This week we got a message on our family WhatsApp group we didn’t see coming. It was from one of my sisters, sharing openly with us her siblings, for the very first since her last child was born six years ago. It was something about her lovely daughter, that was very obvious to all of us; but I figure we didn’t quite know how to broach the subject or we just didn’t have the courage to speak about.
As the replies and responses poured in from the oldest to the youngest of my brothers and sisters, it hit me, maybe not for the first time though, what those six years would have been like for her, her husband and their two older kids. I let my mind take me to that place where I was her father and how difficult it must be watching her go on a trajectory quite different from the expected, the acceptable.
I doubt I can express the emotions in my sister’s text that morning, so I’d just reproduce it here in the hope that it might get us thinking and even start a conversation. These are her words –
“I am the mother of a beautiful, energetic, enthusiastic, caring and very intelligent 6-year-old girl living with Down Syndrome. I’m sure these adjectives shocked you because society does not associate a special child with anything positive, rather they associate him or her with anything that is down and ugly and abnormal!
“Actually, I used to belong to that unfortunate school of thought which judged a people by their looks, limitations, challenges and other boundaries placed by man and certainly not by God.
“Through faith and by the special grace of God, my family has learned to look beyond the stares and pity, the oddness of a face, the delayed developmental milestones such as speech defect, poor cognitive ability amongst others to her glorious ABILITIES!!!
“Now, this may shock you but this child is a bundle of joy who has been ENGRACED by the Almighty God for a life of exploits. As a family we have never seen her as a problem and do not discuss her as such. We didn’t allow our joy to be stolen by a medical verdict because we had God’s verdict that our seed shall be mighty upon the earth.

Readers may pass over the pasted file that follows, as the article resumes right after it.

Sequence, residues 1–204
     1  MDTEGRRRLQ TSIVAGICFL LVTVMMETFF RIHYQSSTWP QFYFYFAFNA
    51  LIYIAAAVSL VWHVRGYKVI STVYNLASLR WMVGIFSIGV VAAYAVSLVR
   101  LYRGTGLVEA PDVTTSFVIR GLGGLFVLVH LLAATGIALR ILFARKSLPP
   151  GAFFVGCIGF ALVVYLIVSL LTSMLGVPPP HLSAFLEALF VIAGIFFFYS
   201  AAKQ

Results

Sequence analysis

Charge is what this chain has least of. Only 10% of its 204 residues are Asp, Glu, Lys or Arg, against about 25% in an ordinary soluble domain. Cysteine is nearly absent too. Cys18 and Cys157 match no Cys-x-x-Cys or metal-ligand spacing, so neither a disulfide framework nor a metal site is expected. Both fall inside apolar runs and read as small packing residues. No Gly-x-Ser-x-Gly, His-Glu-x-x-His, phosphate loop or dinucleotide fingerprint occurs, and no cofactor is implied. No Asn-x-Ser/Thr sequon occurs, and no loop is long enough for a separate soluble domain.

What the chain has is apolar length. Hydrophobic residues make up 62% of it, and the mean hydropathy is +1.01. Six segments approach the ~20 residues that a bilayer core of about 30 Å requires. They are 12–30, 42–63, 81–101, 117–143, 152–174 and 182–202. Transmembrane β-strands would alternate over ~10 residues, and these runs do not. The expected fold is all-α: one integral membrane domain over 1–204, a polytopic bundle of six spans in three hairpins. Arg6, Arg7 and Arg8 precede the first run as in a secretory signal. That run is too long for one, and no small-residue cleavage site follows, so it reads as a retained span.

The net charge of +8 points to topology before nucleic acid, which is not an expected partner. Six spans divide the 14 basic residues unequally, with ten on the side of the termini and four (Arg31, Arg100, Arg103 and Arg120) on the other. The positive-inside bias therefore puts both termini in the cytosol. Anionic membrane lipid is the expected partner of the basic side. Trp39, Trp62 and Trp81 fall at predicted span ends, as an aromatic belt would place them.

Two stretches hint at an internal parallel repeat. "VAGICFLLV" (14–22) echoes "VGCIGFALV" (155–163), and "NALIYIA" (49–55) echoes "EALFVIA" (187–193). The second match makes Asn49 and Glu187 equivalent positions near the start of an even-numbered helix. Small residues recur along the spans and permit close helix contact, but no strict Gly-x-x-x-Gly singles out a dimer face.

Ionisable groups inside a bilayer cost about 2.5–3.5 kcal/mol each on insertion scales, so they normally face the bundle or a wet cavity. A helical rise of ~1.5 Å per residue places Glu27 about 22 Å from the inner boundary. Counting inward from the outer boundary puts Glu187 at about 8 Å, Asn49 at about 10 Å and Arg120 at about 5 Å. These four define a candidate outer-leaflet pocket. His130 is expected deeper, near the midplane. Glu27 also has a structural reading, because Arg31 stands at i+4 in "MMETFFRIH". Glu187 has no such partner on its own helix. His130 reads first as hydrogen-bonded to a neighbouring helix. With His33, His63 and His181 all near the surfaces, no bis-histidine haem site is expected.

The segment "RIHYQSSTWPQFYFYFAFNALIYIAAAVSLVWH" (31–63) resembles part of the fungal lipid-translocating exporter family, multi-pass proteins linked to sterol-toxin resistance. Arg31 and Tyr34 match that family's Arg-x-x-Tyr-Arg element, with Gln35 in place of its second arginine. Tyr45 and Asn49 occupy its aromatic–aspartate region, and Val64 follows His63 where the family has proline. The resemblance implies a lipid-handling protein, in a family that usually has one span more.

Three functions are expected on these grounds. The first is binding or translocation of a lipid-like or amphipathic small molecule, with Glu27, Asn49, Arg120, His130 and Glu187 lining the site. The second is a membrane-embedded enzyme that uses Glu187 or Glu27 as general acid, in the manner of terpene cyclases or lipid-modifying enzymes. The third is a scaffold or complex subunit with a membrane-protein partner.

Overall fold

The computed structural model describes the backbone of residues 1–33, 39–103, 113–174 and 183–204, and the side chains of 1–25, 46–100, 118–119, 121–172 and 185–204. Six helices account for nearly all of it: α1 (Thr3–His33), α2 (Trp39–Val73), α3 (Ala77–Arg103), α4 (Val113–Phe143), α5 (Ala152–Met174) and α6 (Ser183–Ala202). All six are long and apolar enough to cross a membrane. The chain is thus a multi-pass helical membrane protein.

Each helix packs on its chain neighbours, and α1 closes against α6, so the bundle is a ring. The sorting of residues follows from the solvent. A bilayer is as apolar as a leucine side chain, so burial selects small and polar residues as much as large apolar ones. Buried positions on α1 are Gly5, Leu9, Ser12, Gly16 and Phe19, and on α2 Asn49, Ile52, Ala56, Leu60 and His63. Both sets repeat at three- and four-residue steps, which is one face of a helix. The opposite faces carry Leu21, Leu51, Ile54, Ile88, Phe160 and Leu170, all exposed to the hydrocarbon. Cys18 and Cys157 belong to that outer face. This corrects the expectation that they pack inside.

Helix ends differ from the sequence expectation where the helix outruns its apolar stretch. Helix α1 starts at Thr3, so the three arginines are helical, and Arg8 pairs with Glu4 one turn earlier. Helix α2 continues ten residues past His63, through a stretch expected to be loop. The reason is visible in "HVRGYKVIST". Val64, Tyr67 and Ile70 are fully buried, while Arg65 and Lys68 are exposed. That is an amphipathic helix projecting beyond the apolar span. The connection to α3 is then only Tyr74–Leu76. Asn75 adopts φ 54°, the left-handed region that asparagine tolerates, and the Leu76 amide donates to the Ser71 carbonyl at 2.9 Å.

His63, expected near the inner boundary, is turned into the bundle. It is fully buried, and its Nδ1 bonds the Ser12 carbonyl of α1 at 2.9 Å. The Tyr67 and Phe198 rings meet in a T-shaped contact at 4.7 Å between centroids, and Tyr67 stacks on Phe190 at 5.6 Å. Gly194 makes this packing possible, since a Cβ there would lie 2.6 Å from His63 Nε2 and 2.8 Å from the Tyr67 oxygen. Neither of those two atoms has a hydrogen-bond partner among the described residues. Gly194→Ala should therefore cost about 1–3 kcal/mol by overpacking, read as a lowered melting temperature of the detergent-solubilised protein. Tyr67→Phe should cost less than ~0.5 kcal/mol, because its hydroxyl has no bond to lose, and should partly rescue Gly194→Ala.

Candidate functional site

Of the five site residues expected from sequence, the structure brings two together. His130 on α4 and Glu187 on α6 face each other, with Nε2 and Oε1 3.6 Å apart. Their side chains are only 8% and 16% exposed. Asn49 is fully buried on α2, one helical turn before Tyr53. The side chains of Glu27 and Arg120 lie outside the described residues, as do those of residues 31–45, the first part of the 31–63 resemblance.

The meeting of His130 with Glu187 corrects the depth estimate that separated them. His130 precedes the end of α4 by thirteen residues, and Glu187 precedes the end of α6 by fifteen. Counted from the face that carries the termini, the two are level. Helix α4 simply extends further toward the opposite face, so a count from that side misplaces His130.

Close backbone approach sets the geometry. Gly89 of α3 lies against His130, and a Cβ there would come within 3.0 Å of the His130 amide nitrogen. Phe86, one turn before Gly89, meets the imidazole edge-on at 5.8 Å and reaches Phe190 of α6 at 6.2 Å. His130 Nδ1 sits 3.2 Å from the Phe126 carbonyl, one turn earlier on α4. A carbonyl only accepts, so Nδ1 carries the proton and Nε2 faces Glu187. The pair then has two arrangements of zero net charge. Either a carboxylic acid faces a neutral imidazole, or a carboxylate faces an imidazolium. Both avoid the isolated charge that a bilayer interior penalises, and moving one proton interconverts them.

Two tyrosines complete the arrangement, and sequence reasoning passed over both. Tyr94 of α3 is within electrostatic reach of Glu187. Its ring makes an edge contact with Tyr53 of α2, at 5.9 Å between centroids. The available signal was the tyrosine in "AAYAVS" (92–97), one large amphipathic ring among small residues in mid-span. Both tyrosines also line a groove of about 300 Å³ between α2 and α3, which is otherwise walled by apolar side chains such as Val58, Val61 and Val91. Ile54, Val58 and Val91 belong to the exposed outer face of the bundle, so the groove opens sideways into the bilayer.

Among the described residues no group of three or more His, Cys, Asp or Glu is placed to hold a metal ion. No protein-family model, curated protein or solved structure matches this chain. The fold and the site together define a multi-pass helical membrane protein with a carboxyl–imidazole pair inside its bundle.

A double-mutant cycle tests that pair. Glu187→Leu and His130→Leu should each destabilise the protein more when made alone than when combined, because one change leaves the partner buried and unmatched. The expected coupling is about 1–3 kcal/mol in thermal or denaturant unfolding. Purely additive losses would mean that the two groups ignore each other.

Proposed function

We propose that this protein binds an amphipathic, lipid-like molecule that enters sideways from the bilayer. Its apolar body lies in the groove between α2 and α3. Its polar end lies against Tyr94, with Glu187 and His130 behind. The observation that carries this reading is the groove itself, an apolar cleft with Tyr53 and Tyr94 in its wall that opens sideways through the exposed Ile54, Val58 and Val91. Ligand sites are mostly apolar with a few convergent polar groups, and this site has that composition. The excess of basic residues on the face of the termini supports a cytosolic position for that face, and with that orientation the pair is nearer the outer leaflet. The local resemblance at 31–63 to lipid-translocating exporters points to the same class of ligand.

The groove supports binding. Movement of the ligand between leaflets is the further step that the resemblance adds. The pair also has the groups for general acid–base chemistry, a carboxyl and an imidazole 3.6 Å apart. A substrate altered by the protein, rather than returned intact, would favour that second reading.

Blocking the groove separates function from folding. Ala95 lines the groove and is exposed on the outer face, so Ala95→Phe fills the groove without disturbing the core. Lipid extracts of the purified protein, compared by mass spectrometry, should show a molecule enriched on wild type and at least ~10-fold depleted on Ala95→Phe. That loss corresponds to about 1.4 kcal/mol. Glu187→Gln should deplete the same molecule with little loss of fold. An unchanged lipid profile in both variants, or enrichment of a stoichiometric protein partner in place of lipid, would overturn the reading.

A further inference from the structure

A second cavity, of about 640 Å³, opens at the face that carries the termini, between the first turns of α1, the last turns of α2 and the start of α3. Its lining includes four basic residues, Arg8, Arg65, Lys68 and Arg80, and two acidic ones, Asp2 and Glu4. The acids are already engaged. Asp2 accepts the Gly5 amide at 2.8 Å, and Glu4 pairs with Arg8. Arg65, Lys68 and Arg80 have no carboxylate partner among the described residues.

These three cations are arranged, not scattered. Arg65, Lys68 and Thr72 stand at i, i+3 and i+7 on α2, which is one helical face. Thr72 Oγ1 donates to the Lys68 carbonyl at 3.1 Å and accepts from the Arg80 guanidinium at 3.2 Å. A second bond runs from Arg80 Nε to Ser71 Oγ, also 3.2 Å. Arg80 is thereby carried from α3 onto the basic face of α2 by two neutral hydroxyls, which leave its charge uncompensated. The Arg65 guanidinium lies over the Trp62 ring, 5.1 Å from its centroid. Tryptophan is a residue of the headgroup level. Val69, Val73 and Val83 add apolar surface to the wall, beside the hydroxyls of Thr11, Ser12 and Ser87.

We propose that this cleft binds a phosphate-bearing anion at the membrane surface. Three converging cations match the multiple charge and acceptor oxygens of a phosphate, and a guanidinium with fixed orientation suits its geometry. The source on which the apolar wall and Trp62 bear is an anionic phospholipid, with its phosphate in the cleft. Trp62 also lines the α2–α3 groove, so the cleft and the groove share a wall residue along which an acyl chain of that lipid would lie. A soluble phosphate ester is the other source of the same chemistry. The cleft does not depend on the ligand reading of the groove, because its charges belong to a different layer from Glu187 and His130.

“Hallelujah!!! She is mightily endowed with the gifts of care, love, intuition etc. and I dare say our moments of fun with her far outweigh the moments of anxiety.
“Do I think she would never have been born? NO! Do I think it’s not worth giving her love, care and education? CERTAINLY NOT! But I do wish more for her…I wish that the society would stop pitying or stigmatising her and simply uphold her in prayers and make therapy and qualitative education available to her and every other ENGRACED CHILD. Now the next time you see a special need child, remember that the Lord calls him or her the ENGRACED ONE!”
I salute the mother who did this. I salute any mother who does this because I have an idea how difficult opening up in this manner to the whole world must be. I know from some encounters I had growing up that the default mode when faced with the reality of bringing up a child with special needs is denial and shame. The denial makes you deprive the child of care and attention, while the shame makes you hide the child from family and friends. They are hardly ever mentioned, they are not in any family photos and they certainly never go out. In fact, it is as if they don’t exist.
I remember visiting a friend many years ago and seeing the confusion and embarrassment on his face when I stumbled across his elder brother while looking for the bathroom. In all the years we had been friends, I never knew he had an elder brother with Down Syndrome. He never mentioned him, not even once.
That was why reading the message got to me. If you knew my sister, then you knew all her three kids. They all get equal face time on her DP. And this is not an exaggeration; Mimi is the best-dressed six-year-old girl I know!
So, let me end by thanking my sister for her compassion, bravery and courage in speaking up for kids with Down Syndrome, and for all other engraced Children through her ENGRACED ONES initiative. Most of all I thank her for allowing me share her story this week.
If you are a proud parent of a child with special needs or you know anyone who does, sharing your heroic stories of care and support could be all the encouragement someone having difficulties need. I don’t have a medal of honour for you, and my thank you certainly isn’t enough, but maybe my prayers will get to heaven and you’d find grace when you need it.